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A paraesophageal hernia repair involves restoring the normal anatomy of the esophagus and stomach by closing a defect in the diaphragm.
The diaphragm is a dome-shaped muscle separating the chest and the abdomen. Paraesophageal hernias are caused by an opening or defect in the diaphragm that may cause displacement of the stomach, small intestine, colon, and spleen out of the abdomen, where they normally reside, and into the chest. Not all paraesophageal hernias require repair, so patients should discuss the risks and benefits of an operation with their surgeon. A very large hernia or symptoms like heartburn, chest pressure, and inability to eat well may warrant surgery.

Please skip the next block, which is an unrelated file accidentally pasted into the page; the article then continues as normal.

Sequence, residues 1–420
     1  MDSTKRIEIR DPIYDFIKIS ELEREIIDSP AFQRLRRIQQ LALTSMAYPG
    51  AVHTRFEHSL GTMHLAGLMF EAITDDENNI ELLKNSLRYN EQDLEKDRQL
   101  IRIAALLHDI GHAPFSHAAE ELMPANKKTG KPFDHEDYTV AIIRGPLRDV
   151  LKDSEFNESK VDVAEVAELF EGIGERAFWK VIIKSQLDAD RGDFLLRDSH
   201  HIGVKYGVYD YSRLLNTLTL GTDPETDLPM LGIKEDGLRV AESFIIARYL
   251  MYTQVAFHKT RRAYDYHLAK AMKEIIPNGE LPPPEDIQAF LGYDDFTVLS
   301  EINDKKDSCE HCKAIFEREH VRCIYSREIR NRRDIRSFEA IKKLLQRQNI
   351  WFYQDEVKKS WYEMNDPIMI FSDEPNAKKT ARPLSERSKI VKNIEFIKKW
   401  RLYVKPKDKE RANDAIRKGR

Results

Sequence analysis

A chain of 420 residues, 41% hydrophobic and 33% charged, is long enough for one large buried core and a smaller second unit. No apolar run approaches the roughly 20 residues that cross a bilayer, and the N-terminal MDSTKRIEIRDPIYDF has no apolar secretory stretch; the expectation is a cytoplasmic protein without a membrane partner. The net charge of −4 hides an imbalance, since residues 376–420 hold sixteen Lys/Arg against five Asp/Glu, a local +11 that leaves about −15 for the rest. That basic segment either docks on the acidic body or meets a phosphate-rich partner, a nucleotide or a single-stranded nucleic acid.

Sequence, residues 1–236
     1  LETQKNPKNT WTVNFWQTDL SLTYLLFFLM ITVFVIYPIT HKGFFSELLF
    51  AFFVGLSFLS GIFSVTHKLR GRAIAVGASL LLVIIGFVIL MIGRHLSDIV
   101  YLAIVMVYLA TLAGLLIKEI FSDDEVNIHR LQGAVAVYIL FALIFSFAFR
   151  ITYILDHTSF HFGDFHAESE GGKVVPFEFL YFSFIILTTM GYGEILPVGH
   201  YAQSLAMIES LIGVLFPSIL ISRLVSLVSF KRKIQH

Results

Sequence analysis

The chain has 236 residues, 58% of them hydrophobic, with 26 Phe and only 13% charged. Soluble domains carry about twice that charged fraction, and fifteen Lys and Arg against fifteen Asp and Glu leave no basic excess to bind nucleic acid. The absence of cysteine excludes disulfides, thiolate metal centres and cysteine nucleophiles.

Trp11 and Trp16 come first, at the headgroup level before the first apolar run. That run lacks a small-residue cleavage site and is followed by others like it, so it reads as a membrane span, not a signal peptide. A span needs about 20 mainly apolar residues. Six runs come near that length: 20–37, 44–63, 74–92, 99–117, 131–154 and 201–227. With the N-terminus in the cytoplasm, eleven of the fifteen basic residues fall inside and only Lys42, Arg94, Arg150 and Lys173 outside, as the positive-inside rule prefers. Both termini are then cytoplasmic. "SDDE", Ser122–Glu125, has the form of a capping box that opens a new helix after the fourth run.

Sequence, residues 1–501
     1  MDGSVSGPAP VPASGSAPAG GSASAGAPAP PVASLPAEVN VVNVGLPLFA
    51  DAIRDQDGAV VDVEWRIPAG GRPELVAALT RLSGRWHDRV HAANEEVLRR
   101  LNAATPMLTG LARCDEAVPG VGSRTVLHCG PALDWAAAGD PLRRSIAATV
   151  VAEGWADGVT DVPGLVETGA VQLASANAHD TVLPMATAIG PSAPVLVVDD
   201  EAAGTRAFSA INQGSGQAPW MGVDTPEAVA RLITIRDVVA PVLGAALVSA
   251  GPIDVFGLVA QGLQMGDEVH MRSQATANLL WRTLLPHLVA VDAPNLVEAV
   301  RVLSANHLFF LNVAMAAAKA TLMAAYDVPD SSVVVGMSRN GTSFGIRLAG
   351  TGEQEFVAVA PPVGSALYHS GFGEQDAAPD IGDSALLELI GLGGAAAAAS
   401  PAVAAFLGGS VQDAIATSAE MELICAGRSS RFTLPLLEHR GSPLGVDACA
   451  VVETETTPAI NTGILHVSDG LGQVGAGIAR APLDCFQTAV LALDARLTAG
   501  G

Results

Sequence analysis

Baiu I, Lau J. Paraesophageal Hernia Repair and Fundoplication. JAMA. 2019;322(24):2450. doi:10.1001/jama.2019.17390
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